Trusting In A Fiduciary: Fiduciary Responsibilities Are Significant (Part 1)

By Fredrick P. Niemann, Esq. of Hanlon Niemann & Wright, a Freehold, NJ Guardianship & Power of Attorney Lawyer

The theme of today’s blog entry is about trust.  One of the lessons we’re told growing up is that trust is earned. When young, if a stranger comes by and offers to take you out to get some ice cream, we are told never to talk to strangers, and to just walk away.  However, if Grandma is coming over to take you out, you certainly trust her, no questions asked. As a member of  the family, your grandmother was/is somebody you trust, versus a random person who offers to buy you something but who you do not know.  This sounds simplistic, but it is our theme as we delve into the Uniform Fiduciaries Law.

Trust must also be earned when you are a professional.  Doctors earn your trust by knowing what is wrong with you and being able to handle your physical and/or mental ailment(s).  As lawyers, we must earn the trust of clients to properly advocate on their behalf.

A fiduciary must also earn trust. If it’s a financial planner or broker they must be trusted to ensure that your money is properly invested in their bank or brokerage firm, and that when you want the money from your account it is honestly us, not by an imposter. The same general rules apply to a fiduciary like of a power of attorney or guardian.

So powerful is their responsibility that the law says that any check from somebody who has attained a fiduciary status, like a power of attorney or guardian generally doesn’t need to be questioned about his or her authenticity and legality.  The Uniform Fiduciaries Law boils down to one overarching concept- the check you receive from me because I am a fiduciary is as good as gold, and you have no reason to question it.  In so many words, it says if a check from a fiduciary is ever found to be issued fraudulently, as a recipient of the check, you have no liability to others because you relied on their fiduciary status when you accepted the check as payment.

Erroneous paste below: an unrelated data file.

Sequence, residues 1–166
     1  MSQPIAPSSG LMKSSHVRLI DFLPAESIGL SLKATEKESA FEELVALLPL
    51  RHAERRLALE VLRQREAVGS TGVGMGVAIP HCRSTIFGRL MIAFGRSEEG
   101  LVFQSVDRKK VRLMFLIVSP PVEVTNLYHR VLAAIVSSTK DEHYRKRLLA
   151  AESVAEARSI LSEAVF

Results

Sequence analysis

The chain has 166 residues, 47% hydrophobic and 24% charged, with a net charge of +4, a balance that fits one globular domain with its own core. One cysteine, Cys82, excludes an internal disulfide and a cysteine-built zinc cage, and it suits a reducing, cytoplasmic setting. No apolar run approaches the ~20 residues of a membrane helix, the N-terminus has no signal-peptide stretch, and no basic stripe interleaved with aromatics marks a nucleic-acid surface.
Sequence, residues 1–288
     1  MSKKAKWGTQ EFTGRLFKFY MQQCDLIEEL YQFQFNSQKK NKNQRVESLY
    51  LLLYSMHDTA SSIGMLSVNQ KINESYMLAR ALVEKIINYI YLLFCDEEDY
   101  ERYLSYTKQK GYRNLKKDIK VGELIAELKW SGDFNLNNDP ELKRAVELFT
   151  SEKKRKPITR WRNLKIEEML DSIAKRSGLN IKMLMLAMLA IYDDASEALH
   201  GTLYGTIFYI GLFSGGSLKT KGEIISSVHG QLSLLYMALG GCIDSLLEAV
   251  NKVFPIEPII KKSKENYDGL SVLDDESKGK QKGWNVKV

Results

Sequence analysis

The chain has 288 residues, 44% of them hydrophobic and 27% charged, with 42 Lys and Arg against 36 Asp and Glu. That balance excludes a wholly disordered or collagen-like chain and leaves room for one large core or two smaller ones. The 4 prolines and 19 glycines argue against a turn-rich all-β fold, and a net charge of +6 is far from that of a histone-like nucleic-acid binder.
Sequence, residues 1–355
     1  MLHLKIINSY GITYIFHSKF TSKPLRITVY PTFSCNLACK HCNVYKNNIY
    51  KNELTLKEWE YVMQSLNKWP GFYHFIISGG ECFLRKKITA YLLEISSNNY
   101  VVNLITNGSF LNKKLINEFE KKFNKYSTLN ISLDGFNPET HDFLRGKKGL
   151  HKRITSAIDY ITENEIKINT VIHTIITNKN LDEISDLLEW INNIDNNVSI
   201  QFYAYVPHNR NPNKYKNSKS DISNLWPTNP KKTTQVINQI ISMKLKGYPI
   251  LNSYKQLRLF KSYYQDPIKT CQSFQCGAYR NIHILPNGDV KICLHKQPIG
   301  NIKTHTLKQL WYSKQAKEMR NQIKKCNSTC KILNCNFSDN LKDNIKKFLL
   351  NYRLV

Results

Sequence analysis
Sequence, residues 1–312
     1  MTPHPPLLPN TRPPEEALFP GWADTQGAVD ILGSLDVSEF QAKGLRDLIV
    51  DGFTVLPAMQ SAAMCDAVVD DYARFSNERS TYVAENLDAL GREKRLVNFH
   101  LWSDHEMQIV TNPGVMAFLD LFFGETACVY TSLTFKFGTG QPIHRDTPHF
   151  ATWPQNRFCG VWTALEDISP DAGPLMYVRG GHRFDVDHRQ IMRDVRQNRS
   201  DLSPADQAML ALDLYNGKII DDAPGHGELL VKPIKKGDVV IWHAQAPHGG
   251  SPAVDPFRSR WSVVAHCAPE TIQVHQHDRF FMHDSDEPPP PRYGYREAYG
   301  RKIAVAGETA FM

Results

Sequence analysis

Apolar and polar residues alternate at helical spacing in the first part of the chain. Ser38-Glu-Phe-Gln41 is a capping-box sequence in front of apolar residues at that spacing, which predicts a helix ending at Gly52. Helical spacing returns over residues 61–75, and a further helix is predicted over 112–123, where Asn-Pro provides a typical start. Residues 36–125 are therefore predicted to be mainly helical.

In our next blog, we will talk about two exceptions to this law, and how you can be liable if you accept a check from someone who is defrauding his or her client as a fiduciary.  Trust me, it’s coming!

To discuss your NJ Guardianship or Power of Attorney matter, please contact Fredrick P. Niemann, Esq. toll-free at (855) 376-5291 or email him at  Please ask us about our video conferencing consultations if you are unable to come to our office.